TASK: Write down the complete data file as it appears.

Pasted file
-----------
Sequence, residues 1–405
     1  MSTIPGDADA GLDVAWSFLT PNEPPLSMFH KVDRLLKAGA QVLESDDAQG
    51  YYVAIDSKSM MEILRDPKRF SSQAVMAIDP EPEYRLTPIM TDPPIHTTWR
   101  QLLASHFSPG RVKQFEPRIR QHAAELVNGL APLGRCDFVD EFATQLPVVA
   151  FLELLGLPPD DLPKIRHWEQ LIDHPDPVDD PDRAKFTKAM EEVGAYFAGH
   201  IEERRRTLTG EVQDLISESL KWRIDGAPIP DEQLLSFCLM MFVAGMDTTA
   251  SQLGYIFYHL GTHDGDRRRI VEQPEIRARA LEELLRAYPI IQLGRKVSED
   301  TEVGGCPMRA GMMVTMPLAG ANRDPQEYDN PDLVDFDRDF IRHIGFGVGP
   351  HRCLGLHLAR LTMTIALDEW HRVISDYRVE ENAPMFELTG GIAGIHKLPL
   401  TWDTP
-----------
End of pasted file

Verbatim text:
Sequence, residues 1–405
     1  MSTIPGDADA GLDVAWSFLT PNEPPLSMFH KVDRLLKAGA QVLESDDAQG
    51  YYVAIDSKSM MEILRDPKRF SSQAVMAIDP EPEYRLTPIM TDPPIHTTWR
   101  QLLASHFSPG RVKQFEPRIR QHAAELVNGL APLGRCDFVD EFATQLPVVA
   151  FLELLGLPPD DLPKIRHWEQ LIDHPDPVDD PDRAKFTKAM EEVGAYFAGH
   201  IEERRRTLTG EVQDLISESL KWRIDGAPIP DEQLLSFCLM MFVAGMDTTA
   251  SQLGYIFYHL GTHDGDRRRI VEQPEIRARA LEELLRAYPI IQLGRKVSED
   301  TEVGGCPMRA GMMVTMPLAG ANRDPQEYDN PDLVDFDRDF IRHIGFGVGP
   351  HRCLGLHLAR LTMTIALDEW HRVISDYRVE ENAPMFELTG GIAGIHKLPL
   401  TWDTP